Remember when judges used to uphold the law? Unfortunately, that’s not always the case today.
Consider the Massachusetts trial judge who is accused of helping a twice-deported illegal immigrant slip out the back door rather than hand him over to the Immigration and Customs Enforcement agent waiting to arrest him.
According to authorities, Massachusetts District Court Judge Shelley Joseph conspired with her bailiff and a defense attorney to set the illegal immigrant free. And most of the episode was recorded.
U.S. Attorney Andrew Lelling charged Joseph and her bailiff last month with conspiracy to obstruct justice, perjury, and other crimes.
But now local prosecutors are trying to pick up where the judge left off. They’re suing to prevent the feds from arresting illegal immigrants in state courthouses, even though the Executive Office of the Massachusetts Trial Court issued guidance requiring all state judges and court personnel to cooperate with ICE.
Here’s some background to this bizarre case, according to authorities, courtroom recordings obtained by The Boston Globe, and court documents released last month: On March 30, 2018, Newton, Massachusetts, police arrested an illegal immigrant identified as Jose Medina-Perez on charges of narcotics possession and being a fugitive from Pennsylvania.
A fingerprint check revealed that, after his last deportation, Medina-Perez was ordered not to enter the United States until 2027. So ICE issued a federal immigration detainer for him to the Newton Police.
The police say they forwarded the warrant to the court clerk’s office, the district attorney, the probation office, courthouse personnel, and the defense attorney.
In other words, everyone in the local court system was on notice that federal officials had a valid warrant for Medina-Perez. Once his state court proceedings were over, the court was required to turn him over to the ICE officer who was coming to the courthouse.
When the case was called, Joseph conferred with the defense attorney and the prosecutor at the bench—a common occurrence. But what happened next was anything but typical.
First, the judge ordered the ICE agent out of her courtroom, saying that if the defendant was released, he would be released into the lobby. Though not the normal practice in this court, the agent complied with the judge’s order and waited in the lobby.
Still at the bench, the defense attorney told the judge that he didn’t think the fugitive warrant from Pennsylvania was for his client. The prosecutor agreed saying, “I don’t think it’s him.”
The defense attorney then reportedly suggested: “The best thing for us to do is to clear the fugitive issue, release him on a personal [recognizance], and hope he can avoid ICE.”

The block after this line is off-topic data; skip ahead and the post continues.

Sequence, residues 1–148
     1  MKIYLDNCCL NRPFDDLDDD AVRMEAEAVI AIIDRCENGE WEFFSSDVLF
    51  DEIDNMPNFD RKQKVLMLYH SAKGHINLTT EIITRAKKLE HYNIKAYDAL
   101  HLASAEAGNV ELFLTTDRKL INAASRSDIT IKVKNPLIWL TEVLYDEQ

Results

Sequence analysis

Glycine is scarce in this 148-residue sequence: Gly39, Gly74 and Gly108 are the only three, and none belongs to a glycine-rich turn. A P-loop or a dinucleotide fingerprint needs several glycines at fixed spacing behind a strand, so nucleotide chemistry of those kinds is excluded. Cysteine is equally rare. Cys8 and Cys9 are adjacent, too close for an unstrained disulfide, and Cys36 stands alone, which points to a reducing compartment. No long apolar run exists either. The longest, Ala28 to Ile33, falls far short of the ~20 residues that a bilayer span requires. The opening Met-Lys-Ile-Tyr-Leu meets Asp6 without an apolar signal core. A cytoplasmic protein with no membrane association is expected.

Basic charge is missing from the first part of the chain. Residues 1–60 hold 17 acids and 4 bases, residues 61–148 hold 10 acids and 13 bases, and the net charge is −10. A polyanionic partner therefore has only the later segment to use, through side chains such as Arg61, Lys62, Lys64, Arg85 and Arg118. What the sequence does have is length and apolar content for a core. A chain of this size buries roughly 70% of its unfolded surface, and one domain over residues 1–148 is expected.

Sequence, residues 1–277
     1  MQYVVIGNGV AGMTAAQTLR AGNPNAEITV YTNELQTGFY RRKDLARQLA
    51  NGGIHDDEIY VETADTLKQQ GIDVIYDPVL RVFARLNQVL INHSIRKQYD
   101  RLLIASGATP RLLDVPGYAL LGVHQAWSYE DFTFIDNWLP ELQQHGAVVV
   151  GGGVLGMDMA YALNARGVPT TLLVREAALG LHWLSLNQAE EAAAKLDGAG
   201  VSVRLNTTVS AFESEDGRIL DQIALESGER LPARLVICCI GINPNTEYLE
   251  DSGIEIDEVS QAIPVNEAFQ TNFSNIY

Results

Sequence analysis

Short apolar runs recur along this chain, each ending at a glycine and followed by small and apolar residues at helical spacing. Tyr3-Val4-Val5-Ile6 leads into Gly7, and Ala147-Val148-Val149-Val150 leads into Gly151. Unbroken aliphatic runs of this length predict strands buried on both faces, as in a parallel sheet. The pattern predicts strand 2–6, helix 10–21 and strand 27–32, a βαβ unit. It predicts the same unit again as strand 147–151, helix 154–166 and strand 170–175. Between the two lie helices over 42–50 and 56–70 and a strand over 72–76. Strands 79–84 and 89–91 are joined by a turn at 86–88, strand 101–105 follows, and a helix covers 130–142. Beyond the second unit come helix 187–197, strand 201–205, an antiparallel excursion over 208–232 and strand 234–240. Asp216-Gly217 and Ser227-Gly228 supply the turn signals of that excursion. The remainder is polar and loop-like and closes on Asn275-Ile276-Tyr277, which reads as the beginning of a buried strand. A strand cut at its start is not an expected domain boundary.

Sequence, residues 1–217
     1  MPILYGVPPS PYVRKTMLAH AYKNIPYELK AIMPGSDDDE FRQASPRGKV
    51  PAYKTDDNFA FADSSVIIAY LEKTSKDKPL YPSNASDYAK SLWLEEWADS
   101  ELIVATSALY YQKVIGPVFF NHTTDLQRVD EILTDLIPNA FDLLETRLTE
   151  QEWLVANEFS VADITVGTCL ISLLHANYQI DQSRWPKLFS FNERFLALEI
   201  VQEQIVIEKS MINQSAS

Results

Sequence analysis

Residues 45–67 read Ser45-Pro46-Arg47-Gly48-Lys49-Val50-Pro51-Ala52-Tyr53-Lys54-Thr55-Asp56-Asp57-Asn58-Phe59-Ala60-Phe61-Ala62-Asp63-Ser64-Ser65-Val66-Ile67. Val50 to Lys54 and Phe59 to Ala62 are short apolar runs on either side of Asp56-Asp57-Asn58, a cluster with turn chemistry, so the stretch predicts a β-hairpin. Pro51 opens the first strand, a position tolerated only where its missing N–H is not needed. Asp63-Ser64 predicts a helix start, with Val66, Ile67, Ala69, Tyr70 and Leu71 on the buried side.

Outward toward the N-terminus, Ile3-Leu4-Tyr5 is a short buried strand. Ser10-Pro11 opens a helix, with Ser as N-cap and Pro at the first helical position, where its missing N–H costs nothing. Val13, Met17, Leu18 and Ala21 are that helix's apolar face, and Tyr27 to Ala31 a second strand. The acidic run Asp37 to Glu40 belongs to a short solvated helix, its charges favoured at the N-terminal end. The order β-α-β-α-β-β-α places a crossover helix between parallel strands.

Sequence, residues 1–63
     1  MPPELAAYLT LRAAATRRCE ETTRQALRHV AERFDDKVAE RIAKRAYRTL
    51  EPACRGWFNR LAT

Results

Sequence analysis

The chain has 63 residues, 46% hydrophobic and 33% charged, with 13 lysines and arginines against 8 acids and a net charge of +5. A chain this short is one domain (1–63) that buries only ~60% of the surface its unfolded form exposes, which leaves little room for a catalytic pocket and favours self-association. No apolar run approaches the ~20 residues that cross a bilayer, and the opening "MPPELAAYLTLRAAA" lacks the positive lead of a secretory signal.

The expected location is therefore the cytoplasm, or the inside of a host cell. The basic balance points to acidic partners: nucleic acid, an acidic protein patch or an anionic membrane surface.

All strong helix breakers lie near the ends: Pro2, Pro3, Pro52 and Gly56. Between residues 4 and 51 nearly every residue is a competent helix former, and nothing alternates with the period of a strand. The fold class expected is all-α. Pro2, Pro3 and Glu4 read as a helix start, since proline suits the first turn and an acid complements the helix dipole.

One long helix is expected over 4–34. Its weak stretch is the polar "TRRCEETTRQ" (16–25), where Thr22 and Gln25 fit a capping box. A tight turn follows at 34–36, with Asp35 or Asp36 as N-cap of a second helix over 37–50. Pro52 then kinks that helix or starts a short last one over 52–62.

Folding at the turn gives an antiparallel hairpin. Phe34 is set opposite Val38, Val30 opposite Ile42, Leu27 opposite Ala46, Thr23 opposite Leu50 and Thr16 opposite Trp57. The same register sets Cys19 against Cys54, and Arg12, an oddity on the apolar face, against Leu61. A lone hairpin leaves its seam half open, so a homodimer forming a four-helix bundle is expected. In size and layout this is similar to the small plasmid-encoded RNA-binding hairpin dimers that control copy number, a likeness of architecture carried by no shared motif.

The prosecutor, clearly uncomfortable with the ICE issue, noted that there was still the ICE detainer, to which the judge asked: “ICE is gonna detain him?”
The defense attorney said “yes,” at which point the judge ordered the court clerk to turn off the courtroom recording equipment, in violation of local court rules.
About a minute later, the recorder was turned back on. Once on the record again, the prosecutor dismissed the Pennsylvania warrant and agreed to let the defendant be released on his own recognizance for the drug case.
The judge then should have handed Medina-Perez over to the ICE agent. But when the clerk reminded her about the waiting agent, the judge said, “I’m not gonna allow them to come in here.”
Wesley MacGregor, the judge’s bailiff, then used his security access card to open the rear exit of lock-up and let the defendant leave the courthouse, authorities said.
The judge and her bailiff have been charged with obstruction and conspiracy to obstruct justice for interfering with a federal immigration proceeding. MacGregor was also charged with perjury for lying to the grand jury. (He had said he didn’t know there was an immigration detainer or an ICE agent waiting).
By the way, the grand jury says that Joseph, too, “made false and misleading statements,” when she “falsely attributed unfamiliarity with the Courtroom recording equipment as the reason the recorder was turned off.”
Local prosecutors in the Boston area have now teamed up with public defenders to sue the federal government for taking custody of illegal immigrants in state courthouses. They seem to forget that, under the Constitution’s Supremacy Clause, federal law trumps state law when it comes to immigration enforcement.
It’s in the same section that says “the Judges in every State shall be bound” by the U.S. Constitution and any valid federal laws passed pursuant to the Constitution.
In other words, the fact that this judge is not ideologically in favor of federal immigration law does not give her the ability, as a state judge, to ignore or obstruct the enforcement of federal law.
The lawsuit filed against the federal government lacks merit and should be dismissed. And if the evidence laid out in the grand jury indictment is proven, Joseph should be removed from office and disbarred.
Judges are not above the law. As Lelling, the U.S. attorney, observed, officers of the courts can’t “pick and choose” the “federal laws we follow, or use our personal views to justify violating the law.”
Hans von Spakovsky is an authority on a wide range of issues—including civil rights, civil justice, the First Amendment, immigration, the rule of law and government reform—as a senior legal fellow in The Heritage Foundation’s Edwin Meese III Center for Legal and Judicial Studies and manager of the think tank’s Election Law Reform Initiative.
This article was published on The Daily Signal.